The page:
Every fall, tens of thousands of football fans descend on the Auburn University campus to participate in a tradition almost as important as the game itself: tailgating. It's a way of life here on the Plains and at college campuses all over the country. Auburn University's new Tailgate Times website is a central source for information on safe tailgating.
Tailgate Times is a project of the Auburn University Food Systems Institute, or AUFSI. The website, at www.aufsi.auburn.edu/tailgate, offers ideas for both popular and unconventional tailgating food and provides tips on how to have a safe tailgate party. Food safety is one of AUFSI's main concerns, and tailgaters should understand the risks associated with outdoor cooking, preparation and storage.
"We also thought tailgaters might like to know a little about the story behind classic tailgating food such as barbecue, tailgating history, safety from fires and bad weather and much more," said Pat Curtis, AUFSI director.
With an estimated 50 million Americans spending about $20 billion each year on tailgating setup, food and drinks, AUFSI offers guidance to both tailgate beginners and aficionados – specifically when it comes to food, since tailgate parties are synonymous with lots of food. Barbecue chicken, ribs and pork; hamburgers and hotdogs; sausages; stews; sides like coleslaw, potato salad, baked beans; chips and dip – you name it, it's probably been served up at an Auburn Tiger tailgate.
Visit the Tailgate Times website at www.aufsi.auburn.edu/tailgate, where you can also download a print version of the magazine. Plans to develop a Tailgate Times ebook are also in the works. AUFSI is also on Facebook at www.facebook.com/AUtailgatetimes.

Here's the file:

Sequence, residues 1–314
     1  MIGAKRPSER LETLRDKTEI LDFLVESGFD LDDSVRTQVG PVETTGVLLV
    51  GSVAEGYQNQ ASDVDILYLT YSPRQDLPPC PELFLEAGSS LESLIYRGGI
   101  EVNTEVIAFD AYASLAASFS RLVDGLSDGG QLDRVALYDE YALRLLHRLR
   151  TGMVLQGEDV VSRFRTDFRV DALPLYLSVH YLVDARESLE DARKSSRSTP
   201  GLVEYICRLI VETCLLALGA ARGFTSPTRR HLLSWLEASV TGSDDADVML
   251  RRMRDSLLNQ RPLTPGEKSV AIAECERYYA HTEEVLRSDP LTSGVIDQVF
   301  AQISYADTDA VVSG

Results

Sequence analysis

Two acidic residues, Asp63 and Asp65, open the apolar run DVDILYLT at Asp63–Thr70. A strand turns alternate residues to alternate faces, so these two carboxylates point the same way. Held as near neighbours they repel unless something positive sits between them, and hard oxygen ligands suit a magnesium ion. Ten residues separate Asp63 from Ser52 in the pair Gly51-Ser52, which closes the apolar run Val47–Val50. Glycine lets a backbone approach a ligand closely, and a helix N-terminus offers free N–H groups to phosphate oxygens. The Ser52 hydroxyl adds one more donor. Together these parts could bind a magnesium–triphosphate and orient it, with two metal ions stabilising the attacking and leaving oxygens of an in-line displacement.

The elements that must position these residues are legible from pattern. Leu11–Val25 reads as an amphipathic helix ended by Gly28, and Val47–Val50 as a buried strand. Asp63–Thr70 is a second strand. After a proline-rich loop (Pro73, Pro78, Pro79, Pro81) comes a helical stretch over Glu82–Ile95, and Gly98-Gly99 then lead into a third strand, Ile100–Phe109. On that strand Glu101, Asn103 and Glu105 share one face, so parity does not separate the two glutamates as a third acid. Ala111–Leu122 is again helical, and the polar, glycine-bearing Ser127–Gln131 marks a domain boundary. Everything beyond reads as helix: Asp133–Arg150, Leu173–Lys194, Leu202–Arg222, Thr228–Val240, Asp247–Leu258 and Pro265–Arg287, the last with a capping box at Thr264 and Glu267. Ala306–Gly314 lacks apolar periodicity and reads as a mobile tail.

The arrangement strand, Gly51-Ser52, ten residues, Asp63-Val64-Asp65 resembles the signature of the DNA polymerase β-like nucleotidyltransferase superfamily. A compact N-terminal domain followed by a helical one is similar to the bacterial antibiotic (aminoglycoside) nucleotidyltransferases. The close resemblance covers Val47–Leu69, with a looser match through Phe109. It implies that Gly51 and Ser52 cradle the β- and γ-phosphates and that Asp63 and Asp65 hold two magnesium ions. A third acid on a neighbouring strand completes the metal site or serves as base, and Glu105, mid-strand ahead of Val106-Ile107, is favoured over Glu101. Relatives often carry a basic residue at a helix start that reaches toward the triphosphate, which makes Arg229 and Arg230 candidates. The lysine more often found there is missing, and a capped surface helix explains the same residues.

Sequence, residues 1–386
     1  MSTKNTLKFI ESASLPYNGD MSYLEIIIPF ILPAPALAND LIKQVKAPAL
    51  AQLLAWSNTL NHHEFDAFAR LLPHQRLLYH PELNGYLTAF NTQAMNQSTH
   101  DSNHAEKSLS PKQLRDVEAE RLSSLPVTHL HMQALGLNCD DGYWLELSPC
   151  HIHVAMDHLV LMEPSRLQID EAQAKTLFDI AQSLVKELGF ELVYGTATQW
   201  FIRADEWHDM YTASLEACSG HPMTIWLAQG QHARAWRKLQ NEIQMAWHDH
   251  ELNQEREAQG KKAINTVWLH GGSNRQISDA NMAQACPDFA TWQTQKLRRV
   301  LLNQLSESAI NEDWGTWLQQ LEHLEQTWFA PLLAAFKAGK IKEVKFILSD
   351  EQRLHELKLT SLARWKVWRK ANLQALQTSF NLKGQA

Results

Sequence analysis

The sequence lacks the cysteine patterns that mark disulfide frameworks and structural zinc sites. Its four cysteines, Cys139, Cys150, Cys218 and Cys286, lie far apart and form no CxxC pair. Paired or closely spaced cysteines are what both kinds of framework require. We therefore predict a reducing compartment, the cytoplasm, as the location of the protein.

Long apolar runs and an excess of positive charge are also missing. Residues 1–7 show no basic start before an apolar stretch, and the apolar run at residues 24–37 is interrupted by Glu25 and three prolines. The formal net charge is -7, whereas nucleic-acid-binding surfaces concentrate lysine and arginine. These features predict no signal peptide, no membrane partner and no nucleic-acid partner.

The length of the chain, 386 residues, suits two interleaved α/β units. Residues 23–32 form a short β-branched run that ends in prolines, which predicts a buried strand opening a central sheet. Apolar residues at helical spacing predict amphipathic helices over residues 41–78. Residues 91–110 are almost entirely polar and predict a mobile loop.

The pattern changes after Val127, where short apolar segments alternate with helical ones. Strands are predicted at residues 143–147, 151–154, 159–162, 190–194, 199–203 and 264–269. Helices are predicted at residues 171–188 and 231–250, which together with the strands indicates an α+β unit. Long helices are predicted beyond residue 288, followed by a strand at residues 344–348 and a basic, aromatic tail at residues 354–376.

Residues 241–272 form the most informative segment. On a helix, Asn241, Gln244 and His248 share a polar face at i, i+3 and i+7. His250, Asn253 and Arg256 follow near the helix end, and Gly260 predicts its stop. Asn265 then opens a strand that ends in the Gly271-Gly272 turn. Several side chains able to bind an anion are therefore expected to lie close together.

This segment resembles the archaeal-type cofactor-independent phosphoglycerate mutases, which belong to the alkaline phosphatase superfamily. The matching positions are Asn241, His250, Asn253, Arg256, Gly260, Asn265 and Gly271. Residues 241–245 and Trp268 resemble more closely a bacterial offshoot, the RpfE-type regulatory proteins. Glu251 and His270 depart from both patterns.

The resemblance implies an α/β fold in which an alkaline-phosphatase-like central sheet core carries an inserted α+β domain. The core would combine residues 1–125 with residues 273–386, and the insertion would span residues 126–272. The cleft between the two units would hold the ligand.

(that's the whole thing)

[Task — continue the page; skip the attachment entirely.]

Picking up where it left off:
The Auburn University Food Systems Institute was created to bring together the many disciplines at Auburn that deal with a complex, integrated food system, from producing food through processing food to consuming food. For more information, visit us at www.aufsi.auburn.edu.
For more information about the Auburn University Food Systems Institute, contact Karen Hunley, (334) 844-9172 (Karen.email@example.com.)
Categories: Food Systems
While avian influenza has been confirmed in 20 states, Alabama remains free of the disease and Alabama poultry producers are doing all that they can to keep the disease at bay.
A poultry scientist with the Alabama Cooperative Extension System said poultry producers are more vigilant than ever when it comes to sanitation and other biosecurity measures.
"All our Alabama poultry growers have biosecurity measures in place," said Ken Macklin. "Biosecurity measures are the first line of defense against avian influenza and other poultry diseases."
Macklin said that more than 43 million chickens and turkeys have either died from the disease or had to be euthanized because the flock tested positive for a highly contagious form of avian influenza in the first five months of 2015. The most severely impacted states are in the upper Midwest, including Iowa, Minnesota, South Dakota and Wisconsin.
"These cases in commercial poultry operations in the upper Midwest have mostly been linked to a failure of biosecurity," said Macklin. "Growers may have thought they were following biosecurity guidelines fully, but it seems that there were lapses."